STEP FOUR: Assuming you have sorted out and are properly micro chipped and vaccinated, make an appointment to have your dog health certified with your USDA accredited Vet. Once you know this date, then make your appointment with your local USDA office, to take your paperwork, and have it authorized and given a stamp of approval. When arriving at your local office, though you have an appointment, be prepared to wait. They did not like my paperwork, and though they called my vet and got the problems fixed, I was there for close to 3 hours. Be prepared to lose a day in travel and wait time. Remember, you need to complete both of these steps within 10 days of landing into Europe. If you haven’t already guessed, all of the above come with a price. Whatever you have budgeted know it will end up being more. I suggest doing everything in duplicate and also scanning all documents onto your smart phone, prior to travel. Yay! You’ve managed this whole process, now it’s time to fly! Your dog crate should have a well loved bed, absorbent material to lay underneath everything, and both food and water bowls. I used small tupperware containers, which had lids, and also included a toy and something to chew on. Additionally, I wrote her name and my contact info on a card and included with copies of all our paperwork, and placed in a ziplock back taped to the top of the crate. BRING zip ties! More on this below.
** Our trip did not go quite as smoothly as one would hope, in that because we had to get re micro-chipped and re – vaccinated, I had to change all of our flight and hotel plans. When re-booking, the lovely lady at Condor, forgot to mention this would no longer be a direct flight. She also forgot to carry over the whole “dog traveling with me”, including fees, I had already paid. Please be sure to check all of your travel plans before heading to the airport so you are not surprised at the gate. In our case, we were now heading to Las Vegas on Alaska Air, and had to pay an additional dog crate fee, as well as had a 9 hour layover, before our next flight to Germany. I also learned in this adventure, that US airports are doing away with baggage holding areas, so we would be unable to leave the airport for our length of stay.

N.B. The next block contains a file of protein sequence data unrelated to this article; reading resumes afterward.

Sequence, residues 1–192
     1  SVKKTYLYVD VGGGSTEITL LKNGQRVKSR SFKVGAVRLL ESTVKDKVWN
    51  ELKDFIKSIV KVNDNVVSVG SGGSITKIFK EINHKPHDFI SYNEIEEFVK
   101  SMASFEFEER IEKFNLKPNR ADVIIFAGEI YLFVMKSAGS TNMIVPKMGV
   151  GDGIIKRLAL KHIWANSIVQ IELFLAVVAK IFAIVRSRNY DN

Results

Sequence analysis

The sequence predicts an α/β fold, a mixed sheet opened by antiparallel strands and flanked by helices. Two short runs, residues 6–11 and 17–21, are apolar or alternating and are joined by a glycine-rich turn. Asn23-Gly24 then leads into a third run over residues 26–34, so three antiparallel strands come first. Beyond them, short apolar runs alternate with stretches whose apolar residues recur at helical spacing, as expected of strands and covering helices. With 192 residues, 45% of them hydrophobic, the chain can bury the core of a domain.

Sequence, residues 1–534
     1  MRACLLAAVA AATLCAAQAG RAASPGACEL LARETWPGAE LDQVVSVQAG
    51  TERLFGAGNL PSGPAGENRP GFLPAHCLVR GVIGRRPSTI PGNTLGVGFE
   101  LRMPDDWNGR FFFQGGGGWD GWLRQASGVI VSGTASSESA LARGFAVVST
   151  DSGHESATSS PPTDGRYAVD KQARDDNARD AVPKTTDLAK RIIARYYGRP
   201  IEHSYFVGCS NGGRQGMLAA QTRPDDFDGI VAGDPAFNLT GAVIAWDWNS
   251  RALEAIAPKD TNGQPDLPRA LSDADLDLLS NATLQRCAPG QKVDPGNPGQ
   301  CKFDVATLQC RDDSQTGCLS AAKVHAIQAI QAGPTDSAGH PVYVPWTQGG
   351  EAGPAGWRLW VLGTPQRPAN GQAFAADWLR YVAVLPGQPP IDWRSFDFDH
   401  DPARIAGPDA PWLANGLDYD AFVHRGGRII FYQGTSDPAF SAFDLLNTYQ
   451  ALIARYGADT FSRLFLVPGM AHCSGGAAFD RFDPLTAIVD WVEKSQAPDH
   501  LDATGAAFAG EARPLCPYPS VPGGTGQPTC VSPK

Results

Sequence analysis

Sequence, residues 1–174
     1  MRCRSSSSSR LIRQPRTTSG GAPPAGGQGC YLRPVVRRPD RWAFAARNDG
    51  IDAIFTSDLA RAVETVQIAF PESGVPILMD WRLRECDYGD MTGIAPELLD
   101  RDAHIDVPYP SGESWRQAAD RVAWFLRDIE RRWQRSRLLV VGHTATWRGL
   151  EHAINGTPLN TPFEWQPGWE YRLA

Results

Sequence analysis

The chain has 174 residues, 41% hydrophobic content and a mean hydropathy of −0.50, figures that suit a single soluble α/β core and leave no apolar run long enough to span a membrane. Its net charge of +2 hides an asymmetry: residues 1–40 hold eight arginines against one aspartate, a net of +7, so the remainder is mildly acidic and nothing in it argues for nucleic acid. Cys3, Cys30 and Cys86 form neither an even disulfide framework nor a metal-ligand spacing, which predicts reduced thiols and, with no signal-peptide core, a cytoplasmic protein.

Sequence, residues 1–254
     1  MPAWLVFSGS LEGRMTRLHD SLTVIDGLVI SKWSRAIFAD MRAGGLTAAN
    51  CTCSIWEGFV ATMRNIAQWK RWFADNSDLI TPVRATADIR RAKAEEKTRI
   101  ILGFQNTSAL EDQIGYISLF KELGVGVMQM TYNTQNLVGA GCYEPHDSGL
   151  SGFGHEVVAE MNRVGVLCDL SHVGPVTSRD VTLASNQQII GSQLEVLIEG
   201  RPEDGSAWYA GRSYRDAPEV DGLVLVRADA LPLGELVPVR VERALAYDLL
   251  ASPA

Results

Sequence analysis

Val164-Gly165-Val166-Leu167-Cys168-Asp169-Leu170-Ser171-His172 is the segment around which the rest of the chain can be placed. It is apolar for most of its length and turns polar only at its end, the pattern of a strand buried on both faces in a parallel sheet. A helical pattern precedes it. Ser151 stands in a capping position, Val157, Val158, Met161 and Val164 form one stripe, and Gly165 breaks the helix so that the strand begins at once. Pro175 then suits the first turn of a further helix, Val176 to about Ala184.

FLIGHT ONE | Alaska Air: Two hours was not nearly enough time to get us checked in. I am going to suggest that if you are departing from a busy airport, especially if during the holidays, you give yourself another full hour for getting yourselves ticketed and sorted. Keep all of your dog’s recently certified paperwork with you, just like you keep your passport. You never know when they will be asked for. Alaska Air had a separate dog check in area, which was clearly signed. Once the lady at the counter got me ticketed, she told me where to take my dog and crate, to get them sorted. She never asked to see any of my paperwork, but did place several documents on the crate, including tear off vouchers, which she informed me, I would be given to confirm that JeliBën was onboard. We then found the next phase, which included being taken into a room where a man removed everything from the crate and then inspected it with some sort of reader, before telling me to put everything back into the crate, along with my dog. He then told me to zip tie the doors closed, assuming I had the ties with me, without any real direction, and rather gruff and unpleasant. Without another word, he dismissed me and motioned for the next person to come into the space. On that note, be sure to have your dog well run, fed and watered, before arriving at the airport, as you may not have a chance again. Off I went to get through security and find my gate. Arriving after most folks had already boarded. I had to ask if JeliBën had made it, as none of the airplane staff acknowledged it in any way; so much for the idea of a tear off voucher. Arriving into Las Vegas, I knew I had to retrieve my bags, but had no idea about my dog. Once in baggage claim, there was an Alaska Air office, and the young lady told me that someone would bring my dog to that door sometime soon. About 15 minutes later, sure enough, JeliBën was being wheeled my way. Once again, nobody asked for any paperwork or even requested me to prove my dog and crate belonged to me. I of course did not have scissors to cut the zip ties, so I asked the counter. They were happy to provide, but gave me the impression, it was an odd request. Because you cannot store your luggage anywhere, my hands were quite full as we then attempted to find the suggested dog walking area, I was told, just outside the doors. Learning quickly, that Nevada’s idea of a dog walking enclosure, is not my idea of a dog walking enclosure. We survived our long layover, and before you knew it, time it was to check in for the next journey.